This isn’t limited to writers and artists, the two creative roles typically seen as the headlining positions in comics production. Comics would simply not be comics without inkers, colorists, and letterers to make the finishing touches of merging the writer’s script with the artist’s pencils. And yet, they too are seeing less and less opportunities. Gerry Alanguilan wrote and illustrated the graphic novel Elmer, but he first made a name for himself in the industry as an inker for superhero and adventure comics published by DC, Marvel and Image. He too is seeing job opportunities vanishing. He wrote the following on his blog:

It’s a hard hard business. There has been a seismic shift in the comics industry that occured over the last 10 years. On one hand one can point a finger at the dire state of world economy, but at the same time, one can definitely point a finger at developments in technology that has affected the art and craft of creating comics.

Although many in the chain of comic book creation are affected, it is comic book inkers and hand letterers that I think are being hit hardest. With the development of new ways of producing comics, companies are starting to use inkers and hand letterers less and less.

He also links to inker Joe Weems and artist Sean Gordon Murphy echoing these concerns with their own observations as professionals in the industry.

It’s not just members of the creative team. As Wood mentioned above, editors and other staff members have found themselves unemployed. Marvel Comics, which until DC’s surge in September has been the number one comics publisher in North America for at least the last decade or two, has recently been placed under strict new budget requirements that resulted in layoffs of editors, executives and other staff among other cut backs. New comic book series in the pipeline have been taken off the schedule and low-selling comics have been cancelled. The publisher allegedly intends to double-down on their big-ticket properties (Avengers, Spider-Man, X-Men) and simply publish more of the popular stuff instead of taking risks with new, unproven or inconsistent properties. Of course this means less available jobs.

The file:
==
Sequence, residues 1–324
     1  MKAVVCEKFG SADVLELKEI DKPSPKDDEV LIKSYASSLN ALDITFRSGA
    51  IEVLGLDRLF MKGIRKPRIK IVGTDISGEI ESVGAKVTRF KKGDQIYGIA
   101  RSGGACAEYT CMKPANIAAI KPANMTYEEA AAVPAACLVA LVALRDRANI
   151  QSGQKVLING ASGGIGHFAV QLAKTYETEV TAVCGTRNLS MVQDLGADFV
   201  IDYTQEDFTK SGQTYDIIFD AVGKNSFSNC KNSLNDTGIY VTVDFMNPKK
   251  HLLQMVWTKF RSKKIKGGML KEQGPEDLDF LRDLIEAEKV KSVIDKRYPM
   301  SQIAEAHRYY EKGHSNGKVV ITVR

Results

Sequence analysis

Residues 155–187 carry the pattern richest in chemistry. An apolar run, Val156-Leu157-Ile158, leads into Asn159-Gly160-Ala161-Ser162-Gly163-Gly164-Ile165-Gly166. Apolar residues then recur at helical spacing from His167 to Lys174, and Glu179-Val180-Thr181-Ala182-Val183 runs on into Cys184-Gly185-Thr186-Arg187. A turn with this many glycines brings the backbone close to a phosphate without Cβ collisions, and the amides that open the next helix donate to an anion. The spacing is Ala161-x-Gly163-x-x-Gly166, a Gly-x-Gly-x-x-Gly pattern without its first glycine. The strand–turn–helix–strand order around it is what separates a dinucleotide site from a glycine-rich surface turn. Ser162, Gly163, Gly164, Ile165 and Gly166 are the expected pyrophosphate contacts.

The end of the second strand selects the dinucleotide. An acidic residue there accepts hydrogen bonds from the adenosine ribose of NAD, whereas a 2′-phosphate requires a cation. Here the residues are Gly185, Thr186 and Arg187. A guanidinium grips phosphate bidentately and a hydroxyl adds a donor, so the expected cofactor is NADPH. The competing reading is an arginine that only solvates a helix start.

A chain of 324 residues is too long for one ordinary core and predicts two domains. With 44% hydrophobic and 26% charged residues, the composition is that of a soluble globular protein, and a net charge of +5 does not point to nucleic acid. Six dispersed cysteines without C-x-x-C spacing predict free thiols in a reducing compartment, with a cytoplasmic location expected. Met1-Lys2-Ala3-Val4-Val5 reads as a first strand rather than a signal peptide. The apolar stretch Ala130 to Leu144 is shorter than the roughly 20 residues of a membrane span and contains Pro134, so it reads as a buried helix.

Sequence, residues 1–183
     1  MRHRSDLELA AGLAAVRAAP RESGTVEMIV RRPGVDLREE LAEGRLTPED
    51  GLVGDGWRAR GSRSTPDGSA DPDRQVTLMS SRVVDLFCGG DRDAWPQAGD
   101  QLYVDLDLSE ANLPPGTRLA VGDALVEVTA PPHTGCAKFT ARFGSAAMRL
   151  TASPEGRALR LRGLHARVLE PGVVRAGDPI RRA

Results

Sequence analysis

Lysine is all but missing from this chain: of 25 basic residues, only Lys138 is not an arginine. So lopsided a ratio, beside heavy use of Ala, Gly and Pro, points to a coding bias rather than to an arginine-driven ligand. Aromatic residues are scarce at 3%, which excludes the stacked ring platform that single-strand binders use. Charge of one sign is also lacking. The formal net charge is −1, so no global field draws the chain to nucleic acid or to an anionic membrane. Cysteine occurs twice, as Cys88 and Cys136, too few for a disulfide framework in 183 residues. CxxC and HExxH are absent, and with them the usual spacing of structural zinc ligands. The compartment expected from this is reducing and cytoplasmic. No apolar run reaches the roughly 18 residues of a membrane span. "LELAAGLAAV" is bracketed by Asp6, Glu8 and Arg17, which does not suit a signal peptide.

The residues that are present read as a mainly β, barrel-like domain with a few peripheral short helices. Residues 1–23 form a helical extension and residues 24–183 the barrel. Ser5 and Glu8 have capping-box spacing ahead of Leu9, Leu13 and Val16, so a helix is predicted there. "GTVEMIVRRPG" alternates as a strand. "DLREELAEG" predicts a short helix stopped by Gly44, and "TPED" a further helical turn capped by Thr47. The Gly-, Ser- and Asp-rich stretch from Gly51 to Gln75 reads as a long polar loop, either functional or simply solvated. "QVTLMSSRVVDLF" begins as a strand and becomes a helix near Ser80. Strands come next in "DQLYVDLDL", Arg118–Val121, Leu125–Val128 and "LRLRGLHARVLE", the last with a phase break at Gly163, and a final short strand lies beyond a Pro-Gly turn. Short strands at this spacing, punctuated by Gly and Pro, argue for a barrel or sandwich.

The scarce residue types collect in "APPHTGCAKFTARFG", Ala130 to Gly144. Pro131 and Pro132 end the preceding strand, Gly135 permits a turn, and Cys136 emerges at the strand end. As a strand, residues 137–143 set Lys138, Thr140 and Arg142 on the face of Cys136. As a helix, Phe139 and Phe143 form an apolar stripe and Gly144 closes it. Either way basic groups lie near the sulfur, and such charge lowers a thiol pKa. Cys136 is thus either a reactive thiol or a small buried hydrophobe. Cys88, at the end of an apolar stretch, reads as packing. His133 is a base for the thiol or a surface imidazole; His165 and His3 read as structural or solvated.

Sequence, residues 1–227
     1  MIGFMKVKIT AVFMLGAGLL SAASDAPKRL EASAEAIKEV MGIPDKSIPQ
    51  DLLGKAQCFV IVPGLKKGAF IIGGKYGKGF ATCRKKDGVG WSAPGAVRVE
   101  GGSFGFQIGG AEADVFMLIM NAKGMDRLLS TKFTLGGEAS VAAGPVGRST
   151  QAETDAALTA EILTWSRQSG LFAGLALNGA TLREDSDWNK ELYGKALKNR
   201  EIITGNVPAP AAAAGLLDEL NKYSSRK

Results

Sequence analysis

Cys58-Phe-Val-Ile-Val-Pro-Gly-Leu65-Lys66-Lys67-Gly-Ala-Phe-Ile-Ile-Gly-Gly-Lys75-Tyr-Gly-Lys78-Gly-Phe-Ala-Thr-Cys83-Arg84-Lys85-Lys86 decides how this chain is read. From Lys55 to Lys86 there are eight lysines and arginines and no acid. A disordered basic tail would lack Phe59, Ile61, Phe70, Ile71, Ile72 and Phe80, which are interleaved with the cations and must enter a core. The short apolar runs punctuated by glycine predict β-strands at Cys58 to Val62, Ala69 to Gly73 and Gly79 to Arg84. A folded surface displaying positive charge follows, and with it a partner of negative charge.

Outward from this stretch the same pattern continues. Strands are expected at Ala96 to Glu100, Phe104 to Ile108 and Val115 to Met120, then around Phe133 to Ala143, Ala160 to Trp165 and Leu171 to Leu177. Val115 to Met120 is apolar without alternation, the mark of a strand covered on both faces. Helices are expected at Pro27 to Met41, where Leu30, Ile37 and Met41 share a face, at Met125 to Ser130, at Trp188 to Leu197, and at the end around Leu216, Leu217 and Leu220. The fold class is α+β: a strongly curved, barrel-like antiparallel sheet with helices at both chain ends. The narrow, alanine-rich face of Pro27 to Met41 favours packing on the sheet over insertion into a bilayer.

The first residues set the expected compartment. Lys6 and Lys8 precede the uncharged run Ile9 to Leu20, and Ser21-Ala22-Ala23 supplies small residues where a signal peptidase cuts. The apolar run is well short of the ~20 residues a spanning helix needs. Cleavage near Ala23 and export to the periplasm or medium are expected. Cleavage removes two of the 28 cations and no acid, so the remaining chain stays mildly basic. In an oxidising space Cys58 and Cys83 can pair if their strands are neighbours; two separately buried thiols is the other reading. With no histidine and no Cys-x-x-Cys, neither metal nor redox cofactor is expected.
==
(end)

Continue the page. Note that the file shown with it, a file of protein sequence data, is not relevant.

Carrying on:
Marvel is hardly the only publisher going through these kinds of changes. DC Comics made radical staff cuts and changes last year before storming the charts with the New 52. While multiple publishers have reported stronger sales since the New 52 launched in September, it was too late for some employees. Dark Horse was forced to lay off staff earlier this year due to struggling sales. Likewise, a number of comic book stores just haven’t seen enough improvements, such as Evermore Nevermore in Mesa, Arizona, which is closing after only 2 years due to the recession and not enough interest from the light downtown foot traffic.